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Van Gogh, the absolute cult artist

Imagine Van Gogh pays tribute to the genius
of Van Gogh’s work and life.


130 years after his death, Vincent Van Gogh remains one of the most famous artists of all time. His brushstrokes are widely recognizable and his fandom spans the globe.


Celebrated for both his artistic practice and his persona, the artist produced an oeuvre that stands among the most recognizable art in the world. The distinctive style of his popular paintings defined by thick, painterly brushstrokes and a bright color palette, the luminous landscapes, expressive portraits, and vibrant still lifes have come to represent the artist.


Van Gogh’s art became astoundingly popular after his death, especially in the late 20th century when his work sold for record-breaking sums at auctions around the world and was featured in blockbuster touring exhibitions.

Imagine Van Gogh, an immersive exhibition

Imagine Van Gogh, is an exhibition where one can admire The Starry Night, Irises and Sunflowers, or be drawn into the intimacy of his Bedroom in Arles. An experience that brings viewers to the heart of its images, Imagine Van Gogh is accompanied by the music of the great composers Saint-Saëns, Mozart, Bach, Delibes and Satie.

Imagine Van Gogh amplifies emotion

The warping techniques used for Imagine Van Gogh adapt the surface to the projected image, thus respecting the latter’s integrity to magnify the artworks, whereas more traditional mapping techniques focus on adapting the image to the surface. Warping consists in perfectly adjusting the projected work to the scenographic surface. This technique frees the work from the gravitational subjection that befalls any earthly object. The choice of images, the way they are positioned, their rhythm and their association with the music all compose this original creation conceived by Annabelle Mauger and developed with Julien Baron.

What is
Image Totale©?

We mainly understand the concept of the image from a conformist and strict perspective, limited by space and volume. This is the classic notion of the image which permeates our screens (television, computer, cinematic or simple projection). In all of these forms the viewer remains passive.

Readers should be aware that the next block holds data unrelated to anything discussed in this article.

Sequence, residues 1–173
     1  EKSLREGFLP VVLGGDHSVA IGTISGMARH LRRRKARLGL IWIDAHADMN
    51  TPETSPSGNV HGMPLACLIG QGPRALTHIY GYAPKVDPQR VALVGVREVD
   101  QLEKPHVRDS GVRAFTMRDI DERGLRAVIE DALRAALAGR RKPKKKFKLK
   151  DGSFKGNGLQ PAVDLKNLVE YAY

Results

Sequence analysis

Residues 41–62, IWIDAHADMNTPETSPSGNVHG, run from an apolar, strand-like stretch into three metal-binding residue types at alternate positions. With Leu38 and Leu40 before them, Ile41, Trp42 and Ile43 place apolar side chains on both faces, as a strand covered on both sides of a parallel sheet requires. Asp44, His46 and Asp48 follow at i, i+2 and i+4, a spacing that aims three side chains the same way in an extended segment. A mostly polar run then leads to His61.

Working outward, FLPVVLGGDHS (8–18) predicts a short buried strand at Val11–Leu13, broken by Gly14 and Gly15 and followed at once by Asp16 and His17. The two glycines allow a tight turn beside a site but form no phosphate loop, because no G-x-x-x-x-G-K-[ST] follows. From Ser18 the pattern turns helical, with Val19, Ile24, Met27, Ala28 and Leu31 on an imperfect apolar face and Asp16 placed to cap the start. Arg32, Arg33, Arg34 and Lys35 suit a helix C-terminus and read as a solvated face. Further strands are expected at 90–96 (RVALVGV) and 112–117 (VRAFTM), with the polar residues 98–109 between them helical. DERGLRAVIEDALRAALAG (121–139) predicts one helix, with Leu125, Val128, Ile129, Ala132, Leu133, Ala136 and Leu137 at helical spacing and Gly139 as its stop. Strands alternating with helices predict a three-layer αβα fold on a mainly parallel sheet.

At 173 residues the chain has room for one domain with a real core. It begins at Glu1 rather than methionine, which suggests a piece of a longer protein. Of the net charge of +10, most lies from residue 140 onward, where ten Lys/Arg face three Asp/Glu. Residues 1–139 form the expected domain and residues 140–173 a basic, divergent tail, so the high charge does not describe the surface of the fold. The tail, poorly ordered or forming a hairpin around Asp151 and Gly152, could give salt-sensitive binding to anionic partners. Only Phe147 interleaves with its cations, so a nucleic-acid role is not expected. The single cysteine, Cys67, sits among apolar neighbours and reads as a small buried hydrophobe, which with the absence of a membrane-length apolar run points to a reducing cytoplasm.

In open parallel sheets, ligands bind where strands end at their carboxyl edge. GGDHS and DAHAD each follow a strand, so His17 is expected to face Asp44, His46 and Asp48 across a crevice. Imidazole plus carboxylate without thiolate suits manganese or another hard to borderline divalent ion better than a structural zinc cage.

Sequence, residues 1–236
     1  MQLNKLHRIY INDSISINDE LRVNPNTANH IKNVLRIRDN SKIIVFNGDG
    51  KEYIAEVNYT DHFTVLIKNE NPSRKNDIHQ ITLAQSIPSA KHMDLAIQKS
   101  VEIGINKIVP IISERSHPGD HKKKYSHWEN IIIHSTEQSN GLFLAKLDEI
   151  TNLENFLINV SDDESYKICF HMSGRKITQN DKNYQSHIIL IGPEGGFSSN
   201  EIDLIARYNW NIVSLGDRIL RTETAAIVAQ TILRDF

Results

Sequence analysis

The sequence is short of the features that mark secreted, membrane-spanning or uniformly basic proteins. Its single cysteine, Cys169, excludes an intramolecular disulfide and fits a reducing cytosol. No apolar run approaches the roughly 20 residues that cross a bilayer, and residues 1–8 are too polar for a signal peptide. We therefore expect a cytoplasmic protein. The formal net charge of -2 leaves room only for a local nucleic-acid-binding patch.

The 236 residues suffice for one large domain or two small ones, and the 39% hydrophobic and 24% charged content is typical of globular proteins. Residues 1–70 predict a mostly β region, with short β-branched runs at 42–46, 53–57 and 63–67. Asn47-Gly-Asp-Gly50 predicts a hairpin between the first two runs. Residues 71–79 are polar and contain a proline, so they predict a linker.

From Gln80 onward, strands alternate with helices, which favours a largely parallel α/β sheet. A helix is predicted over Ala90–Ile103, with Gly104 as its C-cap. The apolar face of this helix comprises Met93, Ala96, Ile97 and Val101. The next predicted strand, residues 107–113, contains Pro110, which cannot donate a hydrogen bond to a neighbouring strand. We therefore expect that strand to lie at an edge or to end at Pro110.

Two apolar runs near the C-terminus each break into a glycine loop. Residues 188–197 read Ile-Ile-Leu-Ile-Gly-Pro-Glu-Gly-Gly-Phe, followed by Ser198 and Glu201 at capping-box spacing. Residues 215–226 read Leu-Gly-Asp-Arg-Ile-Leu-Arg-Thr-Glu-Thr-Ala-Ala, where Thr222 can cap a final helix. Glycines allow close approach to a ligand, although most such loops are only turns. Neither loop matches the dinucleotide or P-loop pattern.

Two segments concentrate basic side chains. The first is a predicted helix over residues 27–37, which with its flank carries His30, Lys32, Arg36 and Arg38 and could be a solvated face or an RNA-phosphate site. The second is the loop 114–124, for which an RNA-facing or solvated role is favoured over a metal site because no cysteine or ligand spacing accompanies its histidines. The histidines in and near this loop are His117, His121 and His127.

During the 1960s, the filmmaker and photographer Albert Plécy, a friend of the great Jean Lartique and Robert Doisneau (himself founding president of the famous association Les Gens d’images), had the idea of directing his research toward inventing a revolutionary process of projection.


In the mid-1970s, Albert Plécy invested in the gigantic abandoned quarries of Baux-de-Provence to create his Cathédrale d’images and two years later inaugurated his own audiovisual creation in Image Totale©. The culmination of two years of research, development and installation, Plécy’s Image Totale© was presented to the public in 1977.


The complete immersion of spectators in the work is reinforced by the synchronized diffusion of an accompanying musical soundtrack. 


Having selected the zones, angles and sizes of the projected images, as well as pathways for the “integrated and immersed” spectator in the Image Totale©, Plécy transformed the notion of a passive viewer, seated in an armchair staring at images on a screen, to that of an active spectator, immersed in a universe of images where they are completely free to evolve and explore in their own way.


This Imagine Van Gogh website is intentionally without videos as Albert Plécy wanted the image to be free of frame, released from any constraint. The Image Totale© is an immersive experience that must be enjoyed LIVE!

Cathédrale d’images, Leonard de Vinci (2005), directed by Annabelle Mauger.

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